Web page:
2023 Budget: Center Borrows Record $198 Billion in 2023/24 Fiscal Report

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Next fiscal year’s gross borrowing is expected to reach 16 trillion rupees. (File)

Bangalore:

The Indian government will borrow a record 16 trillion rupees ($198 billion) in the fiscal year to March 2024, according to a Reuters poll of economists, who said infrastructure spending and fiscal discipline should be its top budget priorities.

The federal government’s gross debt has more than doubled in the past four years as Prime Minister Narendra Modi’s government has spent heavily to protect the economy from the effects of the COVID-19 pandemic and provide relief to the poor.

The February 1 budget will be the last fully-fledged budget before national elections in 2024 and before elections in several major populous states that will be key tests for the ruling Bharatiya Janata Party (BJP).

But a fall in tax revenues and an expected slowdown in economic growth next fiscal year will limit the government’s ability to cut borrowing in the near term.

According to the median forecast of 43 economists, gross borrowing is expected to reach 16.0 trillion rupees next fiscal year, compared to an estimated 14.2 trillion rupees in 2022/23.

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Forecasts were in a narrow range of 14.8 trillion to 17.2 trillion rupees. Even if it’s at the lower end of the range, 2023/2024 gross borrowing would easily be the highest ever. When Modi’s BJP came to power in 2014, the country’s gross annual loan amounted to just 5.92 trillion rupees.

“The main reason why gross borrowing will still be quite high is the repayment burden,” said Dhiraj Nim, an economist at ANZ. “The government has borrowed a lot in recent years to have money for the pandemic, so the repayment burden will now be quite high for a number of years.”

Dhiraj Nim estimated the repayments for 2023/24 at about 4.4 trillion rupees.

While economists in a separate Reuters poll predicted the government to cut the budget deficit to 6.0% of GDP in 2023/2024, it will still be well above the average of 4% to 5% since the 1970s and well beyond away from the target of reaching 4.5% in 2025/26.

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The deficit is more than double what it was before the pandemic. Rising interest rates have increased the burden of repaying the borrowed money.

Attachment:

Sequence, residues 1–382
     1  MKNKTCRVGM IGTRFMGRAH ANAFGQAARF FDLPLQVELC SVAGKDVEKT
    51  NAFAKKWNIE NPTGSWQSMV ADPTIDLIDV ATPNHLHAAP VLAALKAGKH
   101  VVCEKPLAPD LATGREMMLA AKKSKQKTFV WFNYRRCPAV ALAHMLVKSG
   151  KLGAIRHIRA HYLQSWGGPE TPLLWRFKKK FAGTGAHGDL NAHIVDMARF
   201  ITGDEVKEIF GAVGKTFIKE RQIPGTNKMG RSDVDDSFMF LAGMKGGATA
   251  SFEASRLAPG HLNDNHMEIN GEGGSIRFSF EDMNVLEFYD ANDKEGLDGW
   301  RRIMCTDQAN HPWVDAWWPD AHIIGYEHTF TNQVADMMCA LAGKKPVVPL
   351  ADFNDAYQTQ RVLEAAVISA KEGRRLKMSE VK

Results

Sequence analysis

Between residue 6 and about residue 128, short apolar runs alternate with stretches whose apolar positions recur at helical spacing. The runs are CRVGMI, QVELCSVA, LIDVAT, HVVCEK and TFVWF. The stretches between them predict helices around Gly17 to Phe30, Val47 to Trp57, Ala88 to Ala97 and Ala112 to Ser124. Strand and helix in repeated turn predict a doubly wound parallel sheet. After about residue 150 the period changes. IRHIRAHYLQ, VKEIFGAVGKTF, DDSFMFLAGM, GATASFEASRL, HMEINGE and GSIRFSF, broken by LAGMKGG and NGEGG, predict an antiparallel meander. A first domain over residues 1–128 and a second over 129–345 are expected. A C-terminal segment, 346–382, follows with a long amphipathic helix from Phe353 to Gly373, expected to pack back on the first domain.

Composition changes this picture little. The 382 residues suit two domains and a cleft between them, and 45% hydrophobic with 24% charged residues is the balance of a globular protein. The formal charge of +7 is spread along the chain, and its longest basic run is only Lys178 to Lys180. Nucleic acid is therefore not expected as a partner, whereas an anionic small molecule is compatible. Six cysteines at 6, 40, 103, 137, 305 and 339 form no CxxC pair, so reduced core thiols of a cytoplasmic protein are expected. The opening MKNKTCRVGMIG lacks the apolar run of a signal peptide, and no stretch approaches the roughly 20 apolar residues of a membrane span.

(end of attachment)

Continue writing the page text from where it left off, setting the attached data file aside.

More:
LIABILITY

The International Monetary Fund said last month that India needed a more ambitious fiscal consolidation plan to ensure debt sustainability over the medium term. The government says its current plan is already sufficient for the task.

The debt burden of federal and state governments is equivalent to 83% of annual gross domestic product (GDP), a ratio higher than that of many other emerging economies. The country’s sovereign credit rating is only a notch above the junk level.

“With budget deficit and debt at historic highs, India must carefully balance fiscal discipline against the need to support growth. The government must do the heavy lifting on capex,” said Sujit Kumar, an economist at Union Bank. from India.

Kumar added that infrastructure investment “will be an obvious bias” to spending, but an economic slowdown will reduce tax collection and that will limit the government’s ability to keep capital spending as fast as it has been since 2020/21 .

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The poll also showed that the Indian government’s capital spending would rise to a record Rs 8.85 trillion in the coming fiscal year, about 2.95% of GDP.

But the growth of such spending would likely slow to barely half the pace of the past three years.

India needs a lot of government funding to renew the infrastructure to fulfill its ambition to become an alternative to China as the factory of the world.

When asked what the two most pressing budget priorities should be, only half of respondents, 18 out of 36, said fiscal discipline and infrastructure investment. The other 18 nominees for employment, education, health care or rural development.

The Indian government will cut food and fertilizer subsidies to Rs 3.7 trillion, more than 25% below the level of about Rs 5 trillion budgeted for 2022/23, the poll found.

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